The song I’m about to play for you was released in 1983, and is titled 우리는.

We learned the pronoun 우리 means we and it’s followed by the particle 는, creating the pronoun phrase  우리는.

I pondered over how I could best explain the difference between just 우리 and 우리는 which consists of the pronoun 우리, we, and the topic particle 는; this is what I’ve come up with: The particle 는 in the 우리는 phrase adds a signal to emphasize the we aspect. This is how the particle 은/는 carries out its role as a topic marker. As the 는 particle anchors the 우리 in front of the listener,  the listener in turn anticipates how the singer or the narrator is going to embody the we, 우리.

I won’t play the entire song, but if I did, you’ll hear the phrase 우리는 throughout the song.

The lyrics describe the we, 우리는, in such poetic, romantic, and endearing ways. If we could go over the lyrics line by line, you’d agree with me that it is the quintessential song about what it means for two people to be soulmates for each other. I’ll set that tone for you with a couple of phrases in the song: 우리는 빛이 없는 곳에서도 찾을 수 있는  We who can find each other even where there is no light; 우리는 소리없는 침묵으로도 말할 수 있는 We who can talk even with soundless silence… and there are more description of 우리는, the we, in the lyrics, but I’ll let you search up the song and will play a segment of the song for you now :

( “우리는” music plays  https://www.youtube.com/watch?v=YzcLM1f3_qU )

How was it?  This is a very different style of music from, say, ZionT’s music featured in a previous episode, but both are part of Korean culture and Korean sensibilities. One of my goals of this podcast is to show and share these with our listeners.

Let me play the song again. Listen for the pronoun phrase 우리는; and, this time,  enjoy the melody of endearment and wonderment:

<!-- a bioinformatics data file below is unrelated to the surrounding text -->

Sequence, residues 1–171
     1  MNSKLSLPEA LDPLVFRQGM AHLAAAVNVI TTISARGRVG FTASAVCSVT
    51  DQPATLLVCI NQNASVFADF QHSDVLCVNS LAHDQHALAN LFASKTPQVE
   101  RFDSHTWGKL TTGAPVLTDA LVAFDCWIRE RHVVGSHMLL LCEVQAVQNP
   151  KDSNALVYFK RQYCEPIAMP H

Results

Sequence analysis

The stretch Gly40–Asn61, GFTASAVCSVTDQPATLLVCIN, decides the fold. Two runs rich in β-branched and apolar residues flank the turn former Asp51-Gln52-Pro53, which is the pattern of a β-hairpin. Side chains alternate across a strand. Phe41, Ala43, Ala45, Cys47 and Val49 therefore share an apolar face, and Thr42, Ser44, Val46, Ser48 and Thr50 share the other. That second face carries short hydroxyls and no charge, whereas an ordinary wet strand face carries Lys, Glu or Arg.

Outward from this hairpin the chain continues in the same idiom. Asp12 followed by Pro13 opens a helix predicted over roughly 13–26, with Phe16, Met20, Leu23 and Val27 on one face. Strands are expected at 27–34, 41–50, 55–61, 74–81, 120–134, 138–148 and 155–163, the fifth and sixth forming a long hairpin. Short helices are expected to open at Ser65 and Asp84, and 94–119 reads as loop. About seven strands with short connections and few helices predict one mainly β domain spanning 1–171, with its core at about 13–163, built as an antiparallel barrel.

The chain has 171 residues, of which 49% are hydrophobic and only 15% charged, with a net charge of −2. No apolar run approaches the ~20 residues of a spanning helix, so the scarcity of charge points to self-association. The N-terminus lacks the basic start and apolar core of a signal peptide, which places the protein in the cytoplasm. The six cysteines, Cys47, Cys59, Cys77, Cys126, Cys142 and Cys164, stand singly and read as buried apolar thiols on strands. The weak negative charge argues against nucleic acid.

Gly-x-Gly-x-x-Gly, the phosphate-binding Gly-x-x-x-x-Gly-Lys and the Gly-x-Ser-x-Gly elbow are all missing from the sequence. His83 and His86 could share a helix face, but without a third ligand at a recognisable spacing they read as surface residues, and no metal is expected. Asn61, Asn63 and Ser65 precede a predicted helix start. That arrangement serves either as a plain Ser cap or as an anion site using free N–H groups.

( “우리는” music plays  https://www.youtube.com/watch?v=YzcLM1f3_qU )

Alright, so it’s time to get on with our next lesson point on the use of 은/는 particle as a contrastive particle. Let’s assume you want to say, I’m learning Korean; my friend is learning English. Here, what I learn is being compared to what my friend is learning. This is a perfect place to use the 은/는 particle: You’d add 는 after 나, meaning I, and add 는 after 내 친구, which means my friend. Here are the sentences:

나는 한국말 배워요. 내 친구는 영어 배워요. I’m learning Korean. My friend is learning English.

Shall we practice these sentences? This time, I’ll add one conjunctive word 그런데 at the beginning of the second sentence.  You can think of this conjunctive word 그런데 with a meaning somewhere between and and but. Repeat after me to say, I’m learning Korean. But My friend is learning English.

나는 한국말 배워요. 그런데 내 친구는 영어 배워요.
나는 한국말 배워요. 그런데 내 친구는 영어 배워요.
나는 한국말 배워요. 그런데 내 친구는 영어 배워요.

Some of you may wonder what the sentences would sound like without the 은/는 particle after 나 and 내 친구, like 나 한국말 배워요. 그런데 내 친구 영어 배워요. Well, the English translation will be exactly the same as the ones with the particle: I am learning Korean; but my friend is learning English. To native Koreans, the two sentences without the 은/는 particle after the subjects would just sound a bit incomplete, as if something that should be present is missing -- because the two sentences carry contrastive aspects. It is true some particles are omitted in colloquial speech, but when one compares or contrasts two or more things, they’d naturally add the 은/는 particle after the things that are being compared or contrasted.